Ma 668, Fall 1997
Written for: Dr. J. Wilson
Written by: Sandra McAdams


This investigation will focus on Pedal Triangles. Given any triangle ABC and an arbitrary point P in the plane a Pedal Triangle will be formed by constructing perpendiculars to each side of triangle ABC (extending the sides when necessary) which go through point P. Label the intersection of these perpendiculars and the sides of ABC to form a new triangle RST. Triangle RST is a Pedal Triangle for the Pedal Point P.

To explore more yourself click HERE to move the vertices and find various cases.

Next we will look at what will happen if the point P is the incenter of the triangle ABC.

The definition of incenter is the point which is equidistant from the three sides of the triangle. It turns out that the point P which is the incenter of triangle ABC is also the circumcenter of the Pedal triangle RST.

Another special case that we might want to look at is what will happen when P is the orthocenter of the triangle ABC. We find that when P is the orthocenter of the original triangle and this triangle is not obtuse, then P will be the incenter of the Pedal Triangle. See below.

You might want to explore this for other relationships. For example notice that the vertices of the Pedal triangle all lie on the original triangle ABC. How would this change if the Pedal point were outside ABC? What happens when ABC is a right triangle? Will the Pedal Point still be the incenter for RST?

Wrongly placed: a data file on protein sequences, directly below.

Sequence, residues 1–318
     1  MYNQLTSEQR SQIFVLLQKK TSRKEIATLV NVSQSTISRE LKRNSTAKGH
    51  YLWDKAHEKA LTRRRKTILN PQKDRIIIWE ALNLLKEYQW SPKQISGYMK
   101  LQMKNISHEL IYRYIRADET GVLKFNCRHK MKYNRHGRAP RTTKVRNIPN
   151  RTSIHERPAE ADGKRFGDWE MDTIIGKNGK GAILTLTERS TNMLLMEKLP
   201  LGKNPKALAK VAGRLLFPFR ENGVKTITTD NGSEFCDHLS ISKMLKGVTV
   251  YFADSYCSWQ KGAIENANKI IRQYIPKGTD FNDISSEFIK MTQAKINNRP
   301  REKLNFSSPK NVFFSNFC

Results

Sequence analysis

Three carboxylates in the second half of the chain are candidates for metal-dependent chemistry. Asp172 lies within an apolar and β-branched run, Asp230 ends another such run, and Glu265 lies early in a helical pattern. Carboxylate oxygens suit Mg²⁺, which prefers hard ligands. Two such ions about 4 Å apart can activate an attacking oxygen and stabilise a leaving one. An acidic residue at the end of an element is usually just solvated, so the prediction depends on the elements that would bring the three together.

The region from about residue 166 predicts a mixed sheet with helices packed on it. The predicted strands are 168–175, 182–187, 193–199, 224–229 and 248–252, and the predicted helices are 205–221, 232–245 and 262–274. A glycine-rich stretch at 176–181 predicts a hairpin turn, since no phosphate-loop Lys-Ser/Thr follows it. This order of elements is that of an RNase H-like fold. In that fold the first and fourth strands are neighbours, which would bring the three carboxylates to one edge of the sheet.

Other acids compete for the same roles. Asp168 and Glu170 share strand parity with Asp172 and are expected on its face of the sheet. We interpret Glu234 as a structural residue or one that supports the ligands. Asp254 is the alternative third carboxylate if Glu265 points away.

This is one condition that generates what is called the Simson Line. A Simson Line is formed when the Pedal triangle forms a line segment. In general a Simson Line will be formed when P is on a vertex of ABC. Are there other conditions? Click Here to explore.

Next we will look at when P is the centroid of ABC. Recall the centroid is the point of concurrency of all the altitudes of ABC.

It is evident that the Pedal Triangle has its vertices on the original triangle however when we draw an obtuse triangle the Pedal Triangle again degenerates to a line. Try exploring with this sketch to see the Simson Line. Click HERE to get a sketch.